In Australia, women and girls from Asia, South Korea and Taiwan are trafficked into sexual slavery. In March 2008, the law successfully arrested a Sydney based cartel that specialized in trafficking women and girls from South Korea into Australian brothels (U.S. Department of State, 2008).

In the U.S, it is estimated that every ten minutes a woman or child is trafficked into the country to serve as sex slaves (King & Clift, 19). Due to its role as the world’s leading power, the U.S is the top priority destination into which trafficked victims will go to any length to enter (King & Clift, 43). The trafficked persons originate from East Asia, Mexico and Central America (U.S. Department of State, 2008). While the Department of Justice estimates that around 17,00 persons are trafficked annually into the country (Michigan University Libraries), the CIA and FBI report that the actual number is more than 45,000 (Ebbe & Das, 18). The U.S Department of Justice admitted there are more trafficked American women in the country than there are women of foreign origin being used as sex slaves. Women and girls trafficked into the U.S originate from 25 nations led by China, Mexico and Vietnam (Batstone, 228). A significant number of Americans who visit trafficked prostitutes are members of the U.S armed forces. Many soldiers consider they have the ‘right’ to visit brothels even if it contains trafficked prostitutes (AGORA Journal).

Recruitment Methods of Traffickers

Human traffickers use several devious methods to recruit victims. The first method is abduction. Those considered suitable to be trafficked are kidnapped, kept in captivity and then transported to selected destinations. The second method is trickery. Potential victims are deceived by false promises of opportunities for study or well paying jobs. Some women and girls are enticed by promises of marriage to affluent men. Men and teenage boys are frequently tricked by promises of high paying jobs on fishing vessels (U.S. Department of State, 2007). The third method is enticing young boys into sex slavery by making them addicted to alcohol and drugs (U.S. Department of State, 2008). The fourth method is coercion. Intimidation and threats are used against victims. The fifth method is bribery. Youth and children are recruited by taking advantage of their parents’ abject poverty.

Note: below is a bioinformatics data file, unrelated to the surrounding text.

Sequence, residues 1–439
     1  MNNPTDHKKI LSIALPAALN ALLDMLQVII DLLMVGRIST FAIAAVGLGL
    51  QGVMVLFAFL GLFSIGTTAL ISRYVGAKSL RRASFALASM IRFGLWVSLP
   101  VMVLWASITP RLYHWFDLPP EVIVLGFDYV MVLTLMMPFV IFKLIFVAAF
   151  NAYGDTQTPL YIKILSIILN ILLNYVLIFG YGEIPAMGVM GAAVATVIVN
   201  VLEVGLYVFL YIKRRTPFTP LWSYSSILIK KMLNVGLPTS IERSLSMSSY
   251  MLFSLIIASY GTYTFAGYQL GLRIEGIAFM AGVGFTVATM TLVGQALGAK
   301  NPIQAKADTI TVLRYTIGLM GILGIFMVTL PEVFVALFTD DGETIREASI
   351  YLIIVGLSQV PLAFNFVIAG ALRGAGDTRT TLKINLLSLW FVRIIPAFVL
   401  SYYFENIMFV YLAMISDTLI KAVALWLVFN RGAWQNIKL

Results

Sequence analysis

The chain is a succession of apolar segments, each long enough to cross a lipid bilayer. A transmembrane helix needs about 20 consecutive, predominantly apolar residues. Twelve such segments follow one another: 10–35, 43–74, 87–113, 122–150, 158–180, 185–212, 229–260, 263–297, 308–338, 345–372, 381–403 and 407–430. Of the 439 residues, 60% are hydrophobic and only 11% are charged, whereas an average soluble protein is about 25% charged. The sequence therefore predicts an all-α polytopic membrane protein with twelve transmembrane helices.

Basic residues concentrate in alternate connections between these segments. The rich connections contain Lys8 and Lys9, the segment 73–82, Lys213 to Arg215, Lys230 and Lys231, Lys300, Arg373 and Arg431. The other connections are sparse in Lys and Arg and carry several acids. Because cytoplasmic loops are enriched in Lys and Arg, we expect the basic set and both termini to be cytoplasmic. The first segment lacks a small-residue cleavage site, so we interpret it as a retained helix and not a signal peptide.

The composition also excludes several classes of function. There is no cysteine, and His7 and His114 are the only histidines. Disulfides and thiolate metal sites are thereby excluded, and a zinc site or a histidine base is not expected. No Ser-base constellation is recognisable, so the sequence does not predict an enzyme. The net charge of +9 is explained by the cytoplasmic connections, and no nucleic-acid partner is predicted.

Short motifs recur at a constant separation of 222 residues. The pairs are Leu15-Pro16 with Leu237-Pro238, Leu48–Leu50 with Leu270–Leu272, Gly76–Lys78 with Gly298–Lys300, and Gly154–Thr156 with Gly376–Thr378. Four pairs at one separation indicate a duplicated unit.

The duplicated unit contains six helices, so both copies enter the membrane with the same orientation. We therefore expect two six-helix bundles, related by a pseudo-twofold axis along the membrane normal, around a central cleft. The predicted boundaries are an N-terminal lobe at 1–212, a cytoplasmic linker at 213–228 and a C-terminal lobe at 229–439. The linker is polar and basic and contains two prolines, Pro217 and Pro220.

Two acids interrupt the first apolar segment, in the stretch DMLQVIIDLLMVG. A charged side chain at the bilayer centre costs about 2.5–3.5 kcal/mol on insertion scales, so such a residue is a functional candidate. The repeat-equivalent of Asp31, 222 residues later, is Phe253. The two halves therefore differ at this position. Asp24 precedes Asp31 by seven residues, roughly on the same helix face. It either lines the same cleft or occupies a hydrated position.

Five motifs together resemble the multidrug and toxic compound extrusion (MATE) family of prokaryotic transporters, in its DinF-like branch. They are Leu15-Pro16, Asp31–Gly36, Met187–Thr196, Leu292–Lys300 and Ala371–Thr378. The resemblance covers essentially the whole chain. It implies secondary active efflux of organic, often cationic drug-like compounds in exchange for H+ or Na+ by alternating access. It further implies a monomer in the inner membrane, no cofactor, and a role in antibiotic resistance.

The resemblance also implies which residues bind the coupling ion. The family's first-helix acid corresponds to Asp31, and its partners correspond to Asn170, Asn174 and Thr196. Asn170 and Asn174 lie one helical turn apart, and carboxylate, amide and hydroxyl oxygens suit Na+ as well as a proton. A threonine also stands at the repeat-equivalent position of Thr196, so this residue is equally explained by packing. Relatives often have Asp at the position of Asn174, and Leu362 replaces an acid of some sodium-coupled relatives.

Ways of Exploiting Trafficking Victims

Women and girl victims are exploited for sex. They are enticed to go abroad and when they finally reach the destination, they are forced to work as prostitutes, sex escorts or to make pornographic films. They are informed they cannot expect wages from prostitution until their earnings are sufficient to pay back the amount paid by brothel owners to agents {linked to traffickers} who transported them there. The women commonly find that their ‘debts’ go on mysteriously increasing, whereby there are no hopes of fully paying them (Palmerlee). Sex tourist packages are becoming increasingly popular; aided by specialized travel agencies all over the world who promote ‘exotic sexual adventures’ with women ‘who know how to please men’ (Batstone, 60). Another way of exploiting women is to force them into marriage by arranging brokered marriages with the connivance of agents and brokers (U.S. Department of State, 2007). Thanks to the Internet, traffickers are able to supply girls as young as 13 from Asia and East Europe as ‘mail order’ brides to Western men (Bechard, 36). A third way of exploitation is domestic servitude. Women and girls are trafficked into households in destination countries where their passports are confiscated and they are forced to do hard work for long hours without pay while being used for sex as well. Such victims are invariably from poor countries and their plight is not visible to others outside the employers’ household, making it very hard for them to obtain assistance and for law enforcers to detect (U.S. Department of State, 2008).

In several nations, national armies and rebels illicitly recruit children {both male and female} as soldiers, porters, spies, servants and sexual slaves. Men and teenage boys are forced into hard work without payment by unethical employers who take advantage of loopholes in laws and threaten or coerce victims by using bonds or arbitrary debts. Victims recruited for jobs on fishing vessels are forced to do hard work in life threatening conditions with no possibility of assistance or breaking free from captivity; they are given very little food and water, not given any payment, and used for periods ranging from 6 months to 4 years. Human traffickers prefer this exploitative method on the high seas because there are very few possibilities of either the victims escaping, or investigation by law officials (U.S. Department of State, 2007).

Children, both male and female, are frequently used for child sex tourism. Paedophiles are enticed to travel from their nation to another country where child sex tourism thrives {such as Thailand and Brazil} to indulge in sex with trafficked children. The crime that continues due to feeble law enforcement, corruption and poverty in such countries, has grown rapidly since the birth of the Internet through which traffickers use child pornography not only for publicity, but also as tools to subjugate the trafficked child victims (U.S. Department of State, 2007).